Why you should stop using email to collaborate
There’s no denying it. Email is an essential communication tool. It’s the go-to way for most business teams to send messages and documents. A 2012 study by email software company Mimecast says people spend an average of four hours each workday sending and receiving these messages. We’re so used to our email clients that many of us would be lost without them.
But just because email is important for communication doesn’t mean you should use it to collaborate. Yes, that means communication and collaboration are different. Communication can be one-sided. That happens when someone sends a message and expects another person to simply follow it. Collaboration involves people seamlessly exchanging ideas to create a product or a service.
This is how email falls short. It makes it hard for people to work as a group.
Emails restrict group information exchange
Change is inevitable as projects develop. There are a few reasons why this is part of Sandglaz’s philosophy.
Fixed plans rarely, if ever, stick in dynamic industries such as marketing or software development. People share research, feedback and eye-opening data. Of course, they’ll adapt their ideas to this new information and re-imagine projects that are halfway done. Doing so is the best way to create impressive final products. This is why change is inevitable and should be welcomed by keeping an open mind.
Unfortunately, email doesn’t allow for the exchange of information that leads to this improvement. Sending attachments through email is ideal when only one other person needs them. Two people can easily give one another a few rounds of feedback.
But things get confusing when you send a document to a large group. Often, people look over the file individually instead of as a team. Other people only send important information to certain team members. This causes multiple people to make changes to the same version of a file without consulting each other.
Plus, there’s often no way of telling who sent the document to people outside an email thread for edits. Suddenly, the original author has contradicting and overlapping suggestions from people who should be working closely together. This lack of collaboration wastes everyone’s time.
New team members can’t easily collaborate
When new team members join a project, forwarding long email threads for context causes frustration. How many times have you frantically searched through a chain of messages to find a certain comment? In some cases, you’d have a better chance of finding a specific grain of sand on the beach. This time-consuming task is why 60% of us are emailing when we have two computer screens on, according to a Google study. Reading through countless messages to understand the development of a product is stressful, too.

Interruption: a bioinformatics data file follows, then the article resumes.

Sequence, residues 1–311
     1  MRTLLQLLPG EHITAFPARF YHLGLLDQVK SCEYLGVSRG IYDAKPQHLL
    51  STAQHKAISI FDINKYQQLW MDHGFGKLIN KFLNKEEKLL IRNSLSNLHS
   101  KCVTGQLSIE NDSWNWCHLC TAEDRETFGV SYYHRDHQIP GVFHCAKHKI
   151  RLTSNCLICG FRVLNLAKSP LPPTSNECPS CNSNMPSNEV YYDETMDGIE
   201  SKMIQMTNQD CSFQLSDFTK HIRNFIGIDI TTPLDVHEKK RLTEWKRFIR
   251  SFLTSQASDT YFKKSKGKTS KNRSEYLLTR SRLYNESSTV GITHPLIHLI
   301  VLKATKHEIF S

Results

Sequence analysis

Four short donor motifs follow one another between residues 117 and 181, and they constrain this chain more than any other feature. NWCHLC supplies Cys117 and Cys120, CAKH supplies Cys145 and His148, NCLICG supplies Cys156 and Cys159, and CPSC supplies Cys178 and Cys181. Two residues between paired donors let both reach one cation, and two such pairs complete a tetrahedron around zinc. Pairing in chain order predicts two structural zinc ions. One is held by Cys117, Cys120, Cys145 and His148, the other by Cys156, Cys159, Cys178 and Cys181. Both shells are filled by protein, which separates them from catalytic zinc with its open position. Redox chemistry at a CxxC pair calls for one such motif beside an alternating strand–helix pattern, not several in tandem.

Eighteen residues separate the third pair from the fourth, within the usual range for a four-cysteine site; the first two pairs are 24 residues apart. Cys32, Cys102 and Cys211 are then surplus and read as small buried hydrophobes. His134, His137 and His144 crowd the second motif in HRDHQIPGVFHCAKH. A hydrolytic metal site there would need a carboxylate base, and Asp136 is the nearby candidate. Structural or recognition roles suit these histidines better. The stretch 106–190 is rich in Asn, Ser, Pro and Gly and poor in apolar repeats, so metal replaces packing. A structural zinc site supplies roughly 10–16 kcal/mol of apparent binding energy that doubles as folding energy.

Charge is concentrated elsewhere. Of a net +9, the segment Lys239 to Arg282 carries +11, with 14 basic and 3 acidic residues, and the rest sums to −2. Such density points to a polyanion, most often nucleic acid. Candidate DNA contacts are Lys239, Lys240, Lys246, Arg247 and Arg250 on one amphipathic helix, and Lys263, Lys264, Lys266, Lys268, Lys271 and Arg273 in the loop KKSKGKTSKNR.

People who are new to a project also face challenges finding documents. How many times has someone asked you to send them a certain file? This person probably has to ask because scouring through a day’s worth of emails is too tiring.
New team members should be able to join a project and easily access the most up-to-date information. But the private nature of inboxes doesn’t allow for seamless, real-time sharing. Rather, inboxes hide the newest files and information behind password-protected computers and mobile devices. This is another reason why you should stop using email to collaborate.
Your inbox is too distracting
Collaboration involves participation. You have to contribute to discussions and bounce ideas off other people. But doing so is far too challenging through email. This is because your inbox is too distracting.
How distracting? The Mimecast study states wasting time on non-essential emails is the most stressful part of going through inboxes for 62% of people. This takes time away from managing messages that are essential to collaboration.
It’s clear how this happens. You could receive hundreds of emails each day depending on the size of your team. Irrelevant conversations bury important ones. It’s difficult to stay focused simply because you frantically reply to clear space. Trying to solve this problem, many people sort their inbox through labels and folders. But these messages still count toward that growing number of unread emails. This is why Inbox Zero is a state many people can only dream of achieving.
The stress of handling an inbox is why a growing number of people want to send and receive fewer emails. Customer relationship marketing agency Merkle conducted a survey that reveals 43% of people viewed email as “fun” in 2010. That compares with 55% of people in 2008. With such stress and inefficiency, it’s no wonder why French employers and unions signed a legally-binding agreement to ban email after 6 p.m. earlier this year.
Quite simply, many of your teammates don’t want to rely on email. This means that email is not only bad for collaboration, but most people would prefer not using it for such purposes. Make your team happier and more efficient – stop using email to collaborate.
Do you still plan on using email to collaborate? How do you improve collaboration among your team members? Tell us in the comments below!